7 ½ /10
Famous Dave’s: 50.5/70
Dinosaur BBQ: 53.0/70
TKO – Dinosaur BBQ
They went toe to toe, but the winner of this cage match is Dinosaur Barbecue. It’s not perfect bbq, but it’s a chain that deals in satisfying meat that is properly smoked.
When in Rochester, the Dinosaur BBQ is located in the central business district. You can park on the bridge overlooking the water. If visiting with kids, book an earlier time. We visited at 5:30 which was just before the real rush. Do make a reservation: there is a wait for anyone who doesn’t plan ahead.
Famous Dave’s resides in Greece, NY, a suburb of Rochester. Easily accessible and lots of seating. When we left there was a bit of a wait, but tolerable.
We love collard greens. We adore them. We can’t get enough of them. BUT we’re trying to eat healthier and we also have friends and family that are vegan. I switched up my traditional collards recipe with pleasing results. The key was keeping that lovely smokey flavour in the recipe that a ham hock or bacon can provide. Adding a little liquid hickory smoke did the trick.
Susan B. Anthony and the Women’s Suffrage Movement
We traveled with our three daughters to Rochester, NY, less than a week after the 2016 U.S. Election. The idea had been that, upon the historic election of the first woman president, the girls would visit Susan B. Anthony’s grave in Mount Hope Cemetery, where people from across the United States had made the pilgrimage to honour her struggle for women’s suffrage. Initially we were disappointed with the outcome of the election because we had imagined that years later our daughters would look back upon this childhood trip as a symbolic moment in a struggle for equality, but we came around to the more important lesson that, had a woman won the election, it would not have meant the struggle was over. Frederick Douglass’ grave in the same cemetery is a stark reminder of that.
The girls were disappointed to have to get out of the car again; we had taken them for a walk in the lovely and accessible Mendon Ponds Park only an hour before, so the idea that we had to go for another walk seemed like unusual punishment. This didn’t set up well for this Little Lesson for the Littles, but we pushed forward. After all, what would Susan B. Anthony have done?
We explained to the girls (ages five and three) that at one time only men could vote. We asked what the girls thought of this. The three year old twins were too busy contemplating the cobblestone road we hiked to hear us, but our eldest responded simply and accurately, “That’s not fair.”
We took this cue to explain Susan B. Anthony’s contribution to the suffrage movement and that, thanks to her among others, men and women are equal under the law, which includes the right to vote. Further research shows that in Rochester in 1872, Anthony was arrested for voting. This underscores the perceived threat she represented to the establishment of the time but my first thought was someone had to provide her with a ballot and a box in order to cast that vote … and it turns out the election inspectors were complicit … and the conspiracy theory begins.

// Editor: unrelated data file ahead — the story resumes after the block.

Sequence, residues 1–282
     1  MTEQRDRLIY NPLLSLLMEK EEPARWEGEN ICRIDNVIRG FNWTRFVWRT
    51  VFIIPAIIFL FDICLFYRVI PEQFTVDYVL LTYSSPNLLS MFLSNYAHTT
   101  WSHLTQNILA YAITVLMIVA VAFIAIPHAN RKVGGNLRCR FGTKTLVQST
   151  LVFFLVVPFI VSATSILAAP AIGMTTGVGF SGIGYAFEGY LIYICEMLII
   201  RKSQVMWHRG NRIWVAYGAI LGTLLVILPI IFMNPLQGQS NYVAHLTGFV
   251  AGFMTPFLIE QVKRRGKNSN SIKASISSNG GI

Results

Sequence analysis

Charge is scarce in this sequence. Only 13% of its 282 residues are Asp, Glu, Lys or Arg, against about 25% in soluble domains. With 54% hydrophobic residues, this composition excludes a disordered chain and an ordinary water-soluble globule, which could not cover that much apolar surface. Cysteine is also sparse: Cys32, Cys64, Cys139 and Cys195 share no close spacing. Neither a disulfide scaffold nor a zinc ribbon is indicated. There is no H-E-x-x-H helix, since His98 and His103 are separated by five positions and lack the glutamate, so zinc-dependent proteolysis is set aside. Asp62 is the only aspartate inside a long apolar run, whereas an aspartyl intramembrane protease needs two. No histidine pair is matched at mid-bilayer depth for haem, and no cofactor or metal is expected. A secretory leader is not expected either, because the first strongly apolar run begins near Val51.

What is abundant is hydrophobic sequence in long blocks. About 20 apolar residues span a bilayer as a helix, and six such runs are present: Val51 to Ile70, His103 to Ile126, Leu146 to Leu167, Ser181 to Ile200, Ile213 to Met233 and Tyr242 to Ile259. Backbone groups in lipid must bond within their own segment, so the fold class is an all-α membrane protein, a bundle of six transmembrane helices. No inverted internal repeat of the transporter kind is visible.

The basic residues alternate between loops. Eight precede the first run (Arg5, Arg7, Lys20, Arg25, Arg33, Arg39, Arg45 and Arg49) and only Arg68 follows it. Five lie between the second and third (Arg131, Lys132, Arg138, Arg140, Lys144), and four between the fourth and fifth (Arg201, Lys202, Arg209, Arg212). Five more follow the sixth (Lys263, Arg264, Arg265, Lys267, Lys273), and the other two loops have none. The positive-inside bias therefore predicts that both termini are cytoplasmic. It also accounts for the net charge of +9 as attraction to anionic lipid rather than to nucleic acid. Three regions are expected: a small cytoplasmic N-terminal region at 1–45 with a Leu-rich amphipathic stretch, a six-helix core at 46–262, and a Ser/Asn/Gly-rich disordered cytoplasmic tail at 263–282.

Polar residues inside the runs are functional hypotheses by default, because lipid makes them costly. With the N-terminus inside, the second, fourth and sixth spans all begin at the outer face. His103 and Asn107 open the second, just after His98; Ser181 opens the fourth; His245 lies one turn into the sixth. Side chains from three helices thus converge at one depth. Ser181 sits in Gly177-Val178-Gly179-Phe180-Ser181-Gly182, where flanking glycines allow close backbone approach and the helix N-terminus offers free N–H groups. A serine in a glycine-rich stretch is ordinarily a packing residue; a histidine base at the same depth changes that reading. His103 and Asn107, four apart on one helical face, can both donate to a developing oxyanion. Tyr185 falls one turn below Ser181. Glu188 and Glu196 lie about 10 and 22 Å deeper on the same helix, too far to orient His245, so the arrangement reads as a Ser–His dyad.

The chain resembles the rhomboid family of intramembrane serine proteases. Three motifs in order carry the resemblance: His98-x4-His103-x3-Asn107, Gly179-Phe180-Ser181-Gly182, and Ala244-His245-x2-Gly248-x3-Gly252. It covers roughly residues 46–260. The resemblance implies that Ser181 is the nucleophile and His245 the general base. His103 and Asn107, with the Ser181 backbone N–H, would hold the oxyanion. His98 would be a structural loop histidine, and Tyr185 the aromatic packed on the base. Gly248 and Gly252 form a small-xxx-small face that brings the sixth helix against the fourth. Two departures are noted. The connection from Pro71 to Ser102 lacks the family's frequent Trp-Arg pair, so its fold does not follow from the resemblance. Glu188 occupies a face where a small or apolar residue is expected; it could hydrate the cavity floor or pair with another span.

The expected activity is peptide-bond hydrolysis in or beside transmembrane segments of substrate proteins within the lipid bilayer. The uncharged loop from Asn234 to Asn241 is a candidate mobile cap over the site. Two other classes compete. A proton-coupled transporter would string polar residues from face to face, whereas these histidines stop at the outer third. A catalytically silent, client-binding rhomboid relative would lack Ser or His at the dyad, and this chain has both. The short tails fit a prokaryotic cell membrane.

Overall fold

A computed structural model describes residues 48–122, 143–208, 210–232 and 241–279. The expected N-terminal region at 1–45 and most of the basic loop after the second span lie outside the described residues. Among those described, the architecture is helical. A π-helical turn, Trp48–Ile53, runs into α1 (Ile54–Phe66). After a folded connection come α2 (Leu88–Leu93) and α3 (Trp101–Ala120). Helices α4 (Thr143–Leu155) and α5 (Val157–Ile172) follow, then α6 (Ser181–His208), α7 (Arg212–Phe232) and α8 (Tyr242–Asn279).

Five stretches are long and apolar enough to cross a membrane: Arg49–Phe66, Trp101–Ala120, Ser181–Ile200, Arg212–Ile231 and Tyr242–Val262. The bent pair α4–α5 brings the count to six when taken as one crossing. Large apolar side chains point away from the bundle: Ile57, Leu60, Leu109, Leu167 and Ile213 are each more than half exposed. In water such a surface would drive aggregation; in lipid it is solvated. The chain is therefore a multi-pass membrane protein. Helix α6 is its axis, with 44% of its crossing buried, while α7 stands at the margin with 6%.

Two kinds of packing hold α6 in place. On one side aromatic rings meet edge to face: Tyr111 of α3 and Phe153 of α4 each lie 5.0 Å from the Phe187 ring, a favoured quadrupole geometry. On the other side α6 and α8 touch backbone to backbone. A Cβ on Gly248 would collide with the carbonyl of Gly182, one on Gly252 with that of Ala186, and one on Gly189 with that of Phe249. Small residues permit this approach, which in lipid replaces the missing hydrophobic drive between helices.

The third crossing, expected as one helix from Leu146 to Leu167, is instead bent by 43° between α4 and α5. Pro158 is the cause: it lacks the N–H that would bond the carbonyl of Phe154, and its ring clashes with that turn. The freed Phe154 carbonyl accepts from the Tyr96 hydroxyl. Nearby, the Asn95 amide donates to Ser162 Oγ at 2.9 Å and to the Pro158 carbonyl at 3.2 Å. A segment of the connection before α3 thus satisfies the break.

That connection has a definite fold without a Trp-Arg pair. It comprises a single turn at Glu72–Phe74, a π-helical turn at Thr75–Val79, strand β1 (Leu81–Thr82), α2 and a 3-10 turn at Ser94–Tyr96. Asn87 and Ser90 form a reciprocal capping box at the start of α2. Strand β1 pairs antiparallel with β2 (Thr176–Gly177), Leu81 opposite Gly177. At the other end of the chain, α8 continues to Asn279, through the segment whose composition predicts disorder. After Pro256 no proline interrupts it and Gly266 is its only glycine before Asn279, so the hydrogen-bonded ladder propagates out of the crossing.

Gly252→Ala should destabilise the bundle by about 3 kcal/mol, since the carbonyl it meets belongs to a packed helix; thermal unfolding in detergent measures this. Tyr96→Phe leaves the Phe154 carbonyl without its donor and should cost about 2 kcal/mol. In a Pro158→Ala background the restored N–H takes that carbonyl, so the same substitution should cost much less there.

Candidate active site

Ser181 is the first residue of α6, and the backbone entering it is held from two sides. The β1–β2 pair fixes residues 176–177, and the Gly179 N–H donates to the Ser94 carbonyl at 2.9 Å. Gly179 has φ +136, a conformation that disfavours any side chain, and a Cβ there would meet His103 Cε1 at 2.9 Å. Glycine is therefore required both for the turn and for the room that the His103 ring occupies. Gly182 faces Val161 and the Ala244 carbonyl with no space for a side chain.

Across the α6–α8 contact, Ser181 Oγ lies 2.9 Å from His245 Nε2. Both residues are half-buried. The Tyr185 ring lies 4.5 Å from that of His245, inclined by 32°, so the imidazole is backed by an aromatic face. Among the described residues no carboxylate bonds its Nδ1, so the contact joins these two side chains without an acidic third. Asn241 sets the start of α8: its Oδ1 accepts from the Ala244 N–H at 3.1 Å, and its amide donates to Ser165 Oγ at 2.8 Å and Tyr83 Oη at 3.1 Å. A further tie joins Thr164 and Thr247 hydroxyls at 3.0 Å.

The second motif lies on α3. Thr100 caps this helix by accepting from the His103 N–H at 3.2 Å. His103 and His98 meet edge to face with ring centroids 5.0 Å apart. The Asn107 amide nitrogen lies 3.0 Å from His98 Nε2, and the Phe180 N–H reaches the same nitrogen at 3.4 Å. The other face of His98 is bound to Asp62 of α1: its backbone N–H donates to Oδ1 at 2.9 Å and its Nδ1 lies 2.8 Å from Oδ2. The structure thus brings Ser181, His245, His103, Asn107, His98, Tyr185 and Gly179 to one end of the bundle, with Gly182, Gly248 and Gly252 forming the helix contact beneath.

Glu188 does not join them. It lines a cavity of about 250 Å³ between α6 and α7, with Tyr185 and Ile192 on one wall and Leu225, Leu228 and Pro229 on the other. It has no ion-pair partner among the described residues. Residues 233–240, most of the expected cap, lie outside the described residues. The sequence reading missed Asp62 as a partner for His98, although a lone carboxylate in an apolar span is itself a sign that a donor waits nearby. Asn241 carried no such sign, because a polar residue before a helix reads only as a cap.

We followed the various groups of people that were travelling to her grave. As we had seen on the news, her grave, a humble stone, was peppered with “I Voted” stickers. We spent a couple of minutes at her grave, took some photos, and headed into Rochester proper for dinner. Over some legit barbecue we carried on the conversation to see what the girls had gained from the experience.
The twins, as expected, were too busy with pulled pork and apple sauce to hear us. Again though, our five year old was sufficiently worldly to consider the impact of what Susan B. Anthony’s work had on our lives today. We asked her what, if anything, she took away from our visit to the cemetery and Anthony’s grave. She replied, simply, “I remember that people who voted came to put stickers on her gravestone.”
When the girls were tucked into their hotel beds that night, we talked about what they actually took away from the visit. We agreed that the brief history lesson we provided was abstract; girls are now equal to boys (although in our home, boys are seriously outnumbered) but what resonated was the contemporary and concrete result: that people who had voted came to see Susan B. Anthony to let her know. We hope to instill in our girls that social justice is not an option; that fighting for what is right – for yourself and others – is an invaluable way to contribute. The fact that our eldest only recalled that people took the time to travel to Mount Hope Cemetery, stickers in hand, to commemorate their right to vote was enough: she saw the impact one person can have on an entire country.
I make a batch of fresh chia jam every week with seasonal fruit. It’s great for topping oatmeal, pancakes, or toast. This week I was able to get my hands on some lovely local pears. Chia jams are insanely easy to make and so healthy. Give it a try.
This fresh jam can be put together in less than 10 minutes. Then you simply pop it in the fridge and wait for it to thicken.
1 cup chopped pears (peeled, if you prefer a smoother texture)
1 tbsp chia seeds
1/2 tsp vanilla
1 tbsp maple syrup (optional)
Cook pears over medium heat for about 5 minutes until the fruit breaks down, mash, then add chia seeds, vanilla, and maple syrup (if using). Refrigerate for several hours while the chia seeds plump up and thicken the jam.
This recipe can easily be doubled. Store in fridge for 4 or 5 days or freeze. Canning is not recommended.
We picked up some lovely fresh carrots from our local farmers’ market. It is amazing how much sweeter they are. Using good carrots and garnishing this soup with some chopped cashews for crunch and fresh herbs really elevates this dish.